Trauma, I did not invite you into my home. I didn’t even know you existed. You surely caught me off guard and have momentarily changed who I am and who I want to be. You, Trauma, will no longer rule my home. You are not my child; you are a byproduct of his past, but you will not determine his future! ~Connie~
*please remember my caveat ~ I am not an expert. I am only sharing my understanding of the research I’ve read and the counsel given by those who are experts*
According to Heather Forbes and Bryan Post, there are only two primary emotions: love and fear.
Obviously, we know that love produces good things, but what are the manifestations of fear?
In our kiddos from hard places, their fear may present as anger, defiance, stealing, killing animals, setting fires, manipulation, self harm, lying, hoarding, gorging, screaming, arguing, etc.
To take a step back, when an infant or child is in need, he cries. If that need is not met, and this happens repeatedly, the child eventually is conditioned to stop crying because he has learned it is to no avail. The need is still there, the stress is still there, but the child has learned to suppress it. (If you’ve ever stepped into an orphanage full of silent babies you know what I’m talking about.) This results in a state of fear which will remain unless and until the child experiences trust, positive response, presence…over and over and over and over again.
As a parent, it can be so frustrating when our kiddos don’t ask for help or just say what they need. But when we consider the years of unmet needs and having to sooth themselves, we can begin to understand why it is difficult, or even impossible, for them to do so. The child has never learned to appropriately deal with the state of stress, and since stress exists in every corner of our world, they find it hard to adapt and can easily become overstimulated.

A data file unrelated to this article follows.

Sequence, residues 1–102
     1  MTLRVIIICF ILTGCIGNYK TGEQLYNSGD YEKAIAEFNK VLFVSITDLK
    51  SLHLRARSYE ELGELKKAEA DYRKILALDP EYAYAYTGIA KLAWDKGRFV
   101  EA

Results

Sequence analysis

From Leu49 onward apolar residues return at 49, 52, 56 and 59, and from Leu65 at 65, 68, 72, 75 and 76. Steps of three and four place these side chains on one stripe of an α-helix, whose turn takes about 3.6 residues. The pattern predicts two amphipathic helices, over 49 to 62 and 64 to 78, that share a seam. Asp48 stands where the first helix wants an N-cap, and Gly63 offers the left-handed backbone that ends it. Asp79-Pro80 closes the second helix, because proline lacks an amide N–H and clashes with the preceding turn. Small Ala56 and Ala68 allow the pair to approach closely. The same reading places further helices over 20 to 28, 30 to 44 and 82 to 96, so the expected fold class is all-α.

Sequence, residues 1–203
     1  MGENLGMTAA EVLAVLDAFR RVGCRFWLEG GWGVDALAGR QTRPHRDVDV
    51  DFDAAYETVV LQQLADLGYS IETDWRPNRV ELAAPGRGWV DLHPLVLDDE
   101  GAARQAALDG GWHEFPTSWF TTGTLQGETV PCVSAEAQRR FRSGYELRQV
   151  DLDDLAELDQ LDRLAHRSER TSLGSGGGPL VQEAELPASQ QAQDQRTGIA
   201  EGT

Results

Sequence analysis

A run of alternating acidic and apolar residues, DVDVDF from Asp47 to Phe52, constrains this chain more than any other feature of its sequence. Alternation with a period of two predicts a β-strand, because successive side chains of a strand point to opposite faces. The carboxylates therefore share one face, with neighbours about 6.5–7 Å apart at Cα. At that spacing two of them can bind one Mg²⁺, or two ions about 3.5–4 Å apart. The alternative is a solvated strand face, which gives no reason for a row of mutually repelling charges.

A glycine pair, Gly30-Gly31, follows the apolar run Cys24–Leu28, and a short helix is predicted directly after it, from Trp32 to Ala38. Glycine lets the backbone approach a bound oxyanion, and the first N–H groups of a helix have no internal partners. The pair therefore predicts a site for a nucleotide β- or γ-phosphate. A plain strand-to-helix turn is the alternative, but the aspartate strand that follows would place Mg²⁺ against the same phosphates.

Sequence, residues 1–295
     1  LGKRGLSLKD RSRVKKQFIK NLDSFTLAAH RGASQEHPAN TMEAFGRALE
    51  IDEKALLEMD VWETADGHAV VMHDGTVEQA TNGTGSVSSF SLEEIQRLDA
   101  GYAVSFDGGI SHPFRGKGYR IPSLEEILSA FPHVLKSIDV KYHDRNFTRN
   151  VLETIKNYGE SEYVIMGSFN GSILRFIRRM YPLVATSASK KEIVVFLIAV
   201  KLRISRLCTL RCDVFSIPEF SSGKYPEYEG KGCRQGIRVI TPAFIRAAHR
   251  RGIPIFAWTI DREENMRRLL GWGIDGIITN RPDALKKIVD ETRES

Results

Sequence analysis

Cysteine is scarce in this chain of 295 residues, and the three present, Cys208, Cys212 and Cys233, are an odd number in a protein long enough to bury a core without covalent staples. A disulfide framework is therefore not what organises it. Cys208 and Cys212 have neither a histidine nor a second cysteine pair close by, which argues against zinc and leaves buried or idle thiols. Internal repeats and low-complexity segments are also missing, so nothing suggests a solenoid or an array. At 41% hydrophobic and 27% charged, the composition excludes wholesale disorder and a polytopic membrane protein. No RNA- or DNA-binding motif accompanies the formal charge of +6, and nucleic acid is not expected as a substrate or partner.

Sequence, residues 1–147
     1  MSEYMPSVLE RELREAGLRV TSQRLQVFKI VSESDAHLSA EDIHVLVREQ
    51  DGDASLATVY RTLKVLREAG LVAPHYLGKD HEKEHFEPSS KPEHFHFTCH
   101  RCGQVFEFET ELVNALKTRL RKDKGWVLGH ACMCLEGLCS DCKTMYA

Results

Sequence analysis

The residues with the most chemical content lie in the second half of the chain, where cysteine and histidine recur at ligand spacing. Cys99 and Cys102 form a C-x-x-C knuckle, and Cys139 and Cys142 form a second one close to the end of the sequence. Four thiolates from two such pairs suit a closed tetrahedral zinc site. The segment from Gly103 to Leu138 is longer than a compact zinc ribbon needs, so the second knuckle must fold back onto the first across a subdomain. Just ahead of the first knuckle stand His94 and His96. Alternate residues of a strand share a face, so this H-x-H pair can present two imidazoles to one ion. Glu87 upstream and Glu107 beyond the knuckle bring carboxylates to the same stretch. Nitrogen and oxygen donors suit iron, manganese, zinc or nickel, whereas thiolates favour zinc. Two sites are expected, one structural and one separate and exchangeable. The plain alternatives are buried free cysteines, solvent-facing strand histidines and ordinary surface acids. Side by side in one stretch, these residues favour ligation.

If our kiddos have never had the opportunity to express, process or understand why certain things have happened to them, how can they express the pain? They may not have the words or the feelings, so they express their pain through behaviors.
In my personal experience, many everyday occurrences can cause a war zone, becoming an imaginary battle for survival for the child unable to adapt. It may be a misinterpreted expression, a misunderstood word, a food served at dinnertime, a touch, a scent that stirs up a memory, a simple instruction. Suddenly, the child feels threatened and responds from a place of fear.
In our experience, this is where traditional parenting (child’s actions = consequences) may not work. We are gradually trying to make the shift to a new kind of parenting…after 24 years of doing things one way. It.is.hard.
It helps for me to understand that the manifestation of anger, disobedience and disrespect is actually rooted in fear. It is not a calculated response. It is a conditioned response, perhaps even an unconscious one. The child who lives in a state of hypervigilance may easily be set off, even by things we don’t imagine or expect. For us, the key is recognizing the fear and stopping the escalation.
How can we do that?
First is the recognition, and second is our response. What could my child possibly be afraid of in this particular situation? Does he feel threatened? Unsafe? What is he imagining the outcome will be?
Then comes our response. Is my instruction too complicated? Is my tone angry? Could my presence be perceived as a threat in this situation? Did I say something, even unintentionally or perhaps misunderstood, that arouses his/her self doubt?
Our response can make all the difference. In our experience, this is not the time to ‘preach’. It doesn’t work. With ‘preaching’ comes ‘the look’. The my-eyes-are-glazed-over-my-body-is-stiff-I’m-outa-here look.
So what is the response that brings healing? We are still working on that, and I don’t feel properly equipped to share yet. If you’ve tried a new parenting style that works and opens the door to positive change, I would be so grateful if you’d share it.